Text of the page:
I looked at the stack of books holding shape against my wall. Each a sword against this latency in language. There are the ones I definitely can’t handle right now: Catch-22One Hundred Years of SolitudeThe Dharma Bums. Then there are the slimmer volumes, the ones written for the common people, sometimes inventive (Slaughterhouse Five) but more often objective (Casino Royale). Even a poignant story like Fahrenheit 541 has a chase scene in it. Those were my jam, those I can do. Even the unwinding accents in As I Lay Dying are comprehensible through the short three page chapters. They become manageable escapes from mundane lifestyle.

The problem with reading, though, is the actual process. I recently wondered what I was like without a cellphone, or even without a smart phone. Many times I recall keeping my Gameboy stuffed in my pocket, but equally as often I would carry a book with me, a finger poised between two pages ready to continue the story at any moment. So smartphones are the culprit right, or internet at large, offering more distractions than necessary. Consuming our time with nonsense.

This can’t only be the case, for even on weekends when the news is on a break, the apartment is clean, the outside is raining, I can’t be helped to pick up a book. It’s the sense of time prioritization. When I was a kid and didn’t have to worry about what would happen to me, I had the time to bury my nose into a story. As an adult I’m constantly thinking of what to cook, what to clean, what to buy. My value of books is suppressed by the sense that my time would be better spent somewhere else. Not to mention the rate that I read a single page is snailish.  I try to absorb every detail, and in such focus often have to reread from missing the bigger picture.

In Fukui, I drove to work every day, forty minutes there and forty minutes home. The onset of winter dragged that even longer: one hour, one and a half. Someone would say I should invest in things like Audible (I do keep waiting for a sale), but there’s something to miss in listening versus reading. Sure, I swear by the Jim Dale versions of Harry Potter over any printed form, but not every author has the time, dedication, or voice as great as local author Ben Percy. I’ve found quality narration reserved for just the bestsellers of the latest season, and my list knows no bounds.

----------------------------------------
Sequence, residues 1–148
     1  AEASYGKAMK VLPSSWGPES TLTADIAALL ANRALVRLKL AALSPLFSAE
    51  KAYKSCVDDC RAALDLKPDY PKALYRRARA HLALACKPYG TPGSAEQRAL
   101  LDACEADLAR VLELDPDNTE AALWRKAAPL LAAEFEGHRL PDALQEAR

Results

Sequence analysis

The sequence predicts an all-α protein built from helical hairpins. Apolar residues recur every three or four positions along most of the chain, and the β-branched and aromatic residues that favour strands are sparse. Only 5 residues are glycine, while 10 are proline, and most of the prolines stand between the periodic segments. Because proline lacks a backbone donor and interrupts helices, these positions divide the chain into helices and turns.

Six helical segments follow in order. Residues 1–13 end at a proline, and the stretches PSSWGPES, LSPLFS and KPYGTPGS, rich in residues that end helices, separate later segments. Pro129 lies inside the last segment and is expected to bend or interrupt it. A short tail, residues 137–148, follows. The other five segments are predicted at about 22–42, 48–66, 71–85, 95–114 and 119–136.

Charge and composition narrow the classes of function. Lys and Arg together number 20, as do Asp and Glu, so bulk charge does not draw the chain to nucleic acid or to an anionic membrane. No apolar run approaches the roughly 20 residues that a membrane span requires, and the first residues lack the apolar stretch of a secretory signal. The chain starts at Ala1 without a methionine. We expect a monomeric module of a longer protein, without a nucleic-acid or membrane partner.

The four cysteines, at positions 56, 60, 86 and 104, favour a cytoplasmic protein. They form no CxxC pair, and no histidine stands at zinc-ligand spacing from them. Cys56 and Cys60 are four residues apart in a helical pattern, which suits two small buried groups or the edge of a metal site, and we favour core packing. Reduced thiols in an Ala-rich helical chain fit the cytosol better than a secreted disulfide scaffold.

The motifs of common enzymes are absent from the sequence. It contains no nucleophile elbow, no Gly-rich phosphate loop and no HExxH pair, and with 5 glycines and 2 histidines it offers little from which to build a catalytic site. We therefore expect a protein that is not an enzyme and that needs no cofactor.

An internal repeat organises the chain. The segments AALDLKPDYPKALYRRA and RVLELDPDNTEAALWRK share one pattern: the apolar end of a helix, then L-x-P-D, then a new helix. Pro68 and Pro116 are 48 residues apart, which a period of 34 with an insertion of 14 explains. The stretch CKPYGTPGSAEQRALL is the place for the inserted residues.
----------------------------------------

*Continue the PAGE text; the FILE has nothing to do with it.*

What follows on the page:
Instead I turned to Podcasts. I’ve been listening to them for almost three years now. I first got into Serial right before I came to Japan, and broaden my spectrum since my former neighbor and professional backpacker, Mac, introduced me to Stuff You Should Know. It still strikes me that their popularity hasn’t truly reached the mainstream. I consume them while doing everything else in my life. They probably run at least four hours of my speakers everyday. Even today I’ve already listened to NPR’s Up First, APM’s In the Dark case about Jacob Wetterling, Vox’s The Weeds, and Dan Pashman’s The Sporkful interview with Michael Pollan. I guess it’s a result of not having internet access. I just download podcasts all at once somewhere and run them through the day or week. Still, it’s not enough. Unlike a book, if I miss something in a podcast, I just let it run until the story catches my attention again.

Originally, when I first thought about this post, here is where I’d talk about my solution to start reading again. How living in Tokyo would mean that I’d once again be stuck in a train without WiFi and all the opportunities granted by faded paper. It’s almost still something I long for. Except in Tokyo, the commutes are cramped and drudging. Where in New York I could buy a monthly unlimited pass for around $120, in Tokyo each time you ride a subway costs at least $1.50. I decided this was not the way I wanted to start my mornings and waste my evenings. I actively sought out places within walking, or biking distances from my work. I exceeded my original expectations with where I live now, but there is a part of me that thinks about the books.